And if ‘playing the race card’ is grounds for declaring an election void are we now going to see other candidates judged by this standard. Will UKIP councillors or MEPs be held to account? Or perhaps it’s only an accusation that applies to people who suffer racism.
He also says,
That leaves the only meaningful charge being that of misusing funds. Yet that would have to be proved in the case of every single councillor for the election as a whole to be re-run, even if it could be agreed that this is grounds for re-running elections rather than a slap on the wrist that expense fiddling MPs receive.
A serious case here of whataboutery – which we will ignore: this is the judgement on Rahman, not on the whole council.
The conclusion Rees reaches is unfortunate.
The general climate of Islamophobia (the Daily Express is already gloating) makes any accusation half believed even before it is investigated. It is of a piece with the mounting establishment hostility to the SNP. The old system is fraying and any challenge to it is being met with a full force tide of reaction. If the establishment gets away with removing one of the few councils that came to power by fighting racism and austerity, that has an admirable anti-war record, then the whole left will have suffered a setback and every racist in the country will be rejoicing. We should not let that happen.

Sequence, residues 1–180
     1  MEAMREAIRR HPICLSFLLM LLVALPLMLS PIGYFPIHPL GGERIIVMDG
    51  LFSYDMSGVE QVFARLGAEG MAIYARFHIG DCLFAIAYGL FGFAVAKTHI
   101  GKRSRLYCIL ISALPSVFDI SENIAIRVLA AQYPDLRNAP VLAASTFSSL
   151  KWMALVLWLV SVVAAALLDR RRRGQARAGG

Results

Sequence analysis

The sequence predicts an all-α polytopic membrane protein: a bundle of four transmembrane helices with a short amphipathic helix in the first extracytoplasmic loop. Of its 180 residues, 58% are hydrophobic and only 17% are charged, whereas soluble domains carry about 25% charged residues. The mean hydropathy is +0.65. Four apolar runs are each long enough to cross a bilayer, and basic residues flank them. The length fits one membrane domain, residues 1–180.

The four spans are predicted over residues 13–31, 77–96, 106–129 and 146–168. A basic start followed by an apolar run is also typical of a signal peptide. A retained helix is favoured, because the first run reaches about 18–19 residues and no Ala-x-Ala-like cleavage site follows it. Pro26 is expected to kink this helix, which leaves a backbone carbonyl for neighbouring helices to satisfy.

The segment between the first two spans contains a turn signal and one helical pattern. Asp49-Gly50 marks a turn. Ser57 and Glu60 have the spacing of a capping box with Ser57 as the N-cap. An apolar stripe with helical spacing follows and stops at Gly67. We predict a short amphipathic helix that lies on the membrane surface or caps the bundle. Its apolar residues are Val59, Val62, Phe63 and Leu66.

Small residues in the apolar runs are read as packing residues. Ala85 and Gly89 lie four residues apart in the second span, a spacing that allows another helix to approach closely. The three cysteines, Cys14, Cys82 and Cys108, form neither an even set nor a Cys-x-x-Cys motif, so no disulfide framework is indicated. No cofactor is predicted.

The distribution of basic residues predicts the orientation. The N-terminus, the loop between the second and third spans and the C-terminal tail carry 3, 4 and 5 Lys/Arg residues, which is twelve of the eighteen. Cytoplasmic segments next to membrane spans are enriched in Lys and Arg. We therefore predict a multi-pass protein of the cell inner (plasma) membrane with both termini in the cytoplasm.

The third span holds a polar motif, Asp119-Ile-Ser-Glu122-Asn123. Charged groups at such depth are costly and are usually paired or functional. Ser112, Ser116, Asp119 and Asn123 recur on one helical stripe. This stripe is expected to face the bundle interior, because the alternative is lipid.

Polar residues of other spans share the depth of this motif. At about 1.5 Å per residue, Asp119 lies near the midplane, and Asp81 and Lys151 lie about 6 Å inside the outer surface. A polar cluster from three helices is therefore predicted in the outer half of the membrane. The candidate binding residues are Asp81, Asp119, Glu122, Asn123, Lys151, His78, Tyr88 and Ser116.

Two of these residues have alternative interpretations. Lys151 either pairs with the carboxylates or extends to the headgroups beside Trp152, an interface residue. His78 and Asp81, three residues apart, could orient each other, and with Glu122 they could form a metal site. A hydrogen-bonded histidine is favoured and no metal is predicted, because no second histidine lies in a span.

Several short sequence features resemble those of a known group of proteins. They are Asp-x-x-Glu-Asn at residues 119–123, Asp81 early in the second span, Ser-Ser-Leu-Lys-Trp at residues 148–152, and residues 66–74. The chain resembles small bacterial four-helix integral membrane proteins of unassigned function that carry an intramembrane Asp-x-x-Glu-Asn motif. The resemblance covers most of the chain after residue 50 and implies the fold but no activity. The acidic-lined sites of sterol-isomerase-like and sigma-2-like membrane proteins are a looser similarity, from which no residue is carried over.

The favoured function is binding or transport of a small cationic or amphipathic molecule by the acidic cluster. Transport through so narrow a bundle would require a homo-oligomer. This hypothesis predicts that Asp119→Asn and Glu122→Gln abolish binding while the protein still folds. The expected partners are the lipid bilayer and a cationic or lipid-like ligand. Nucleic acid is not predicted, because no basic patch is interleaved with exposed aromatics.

So the whole affair can be dismissed as part of the “tide of reaction”.
Not it can’t.
The Judge ruled that there was a great deal of politiking to gain support – through grants and other mechanisms – in the Borough.
The Independent reports,
… former mayor, who was elected to a second term last year, had focused his electoral machine on the borough’s large Bangladeshi community – effectively bribing voters by targeting them with generous grants and using the influence of a senior cleric to tell Muslims it was their duty to vote for him.Mr Mawrey said: “The evidence laid before this court has disclosed an alarming state of affairs in Tower Hamlets. This is not the consequence of the racial and religious mix of the population, nor is it linked to any ascertainable pattern of social or other deprivation. It is the result of the ruthless ambition of one man.”
It is well-known on the left that is explained away on the grounds that “this is Big City politics”, “they all do it.” That in this instance Rahman had acted in this way to serve a progressive – anti-austerity and broadly on the left – platform.
That’s as may be – it’s contestable. But what Rees raises is the issue of ‘religious guidance’, which, he considers irrelevant, since everybody can make up their own minds.